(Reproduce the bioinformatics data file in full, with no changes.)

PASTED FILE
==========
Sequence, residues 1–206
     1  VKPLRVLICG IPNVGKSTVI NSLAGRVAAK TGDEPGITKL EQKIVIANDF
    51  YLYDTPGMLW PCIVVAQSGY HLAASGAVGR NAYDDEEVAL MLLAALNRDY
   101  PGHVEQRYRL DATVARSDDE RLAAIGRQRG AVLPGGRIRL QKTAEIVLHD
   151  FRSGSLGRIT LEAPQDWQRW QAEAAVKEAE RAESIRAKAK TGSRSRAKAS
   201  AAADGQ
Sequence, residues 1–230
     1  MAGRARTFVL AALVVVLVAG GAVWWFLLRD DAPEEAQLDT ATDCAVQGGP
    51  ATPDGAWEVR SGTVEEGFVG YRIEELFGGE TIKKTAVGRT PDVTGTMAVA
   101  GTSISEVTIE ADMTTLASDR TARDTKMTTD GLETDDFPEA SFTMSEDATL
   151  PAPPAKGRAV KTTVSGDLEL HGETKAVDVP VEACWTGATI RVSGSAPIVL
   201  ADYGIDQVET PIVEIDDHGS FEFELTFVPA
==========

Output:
Sequence, residues 1–206
     1  VKPLRVLICG IPNVGKSTVI NSLAGRVAAK TGDEPGITKL EQKIVIANDF
    51  YLYDTPGMLW PCIVVAQSGY HLAASGAVGR NAYDDEEVAL MLLAALNRDY
   101  PGHVEQRYRL DATVARSDDE RLAAIGRQRG AVLPGGRIRL QKTAEIVLHD
   151  FRSGSLGRIT LEAPQDWQRW QAEAAVKEAE RAESIRAKAK TGSRSRAKAS
   201  AAADGQ
Sequence, residues 1–230
     1  MAGRARTFVL AALVVVLVAG GAVWWFLLRD DAPEEAQLDT ATDCAVQGGP
    51  ATPDGAWEVR SGTVEEGFVG YRIEELFGGE TIKKTAVGRT PDVTGTMAVA
   101  GTSISEVTIE ADMTTLASDR TARDTKMTTD GLETDDFPEA SFTMSEDATL
   151  PAPPAKGRAV KTTVSGDLEL HGETKAVDVP VEACWTGATI RVSGSAPIVL
   201  ADYGIDQVET PIVEIDDHGS FEFELTFVPA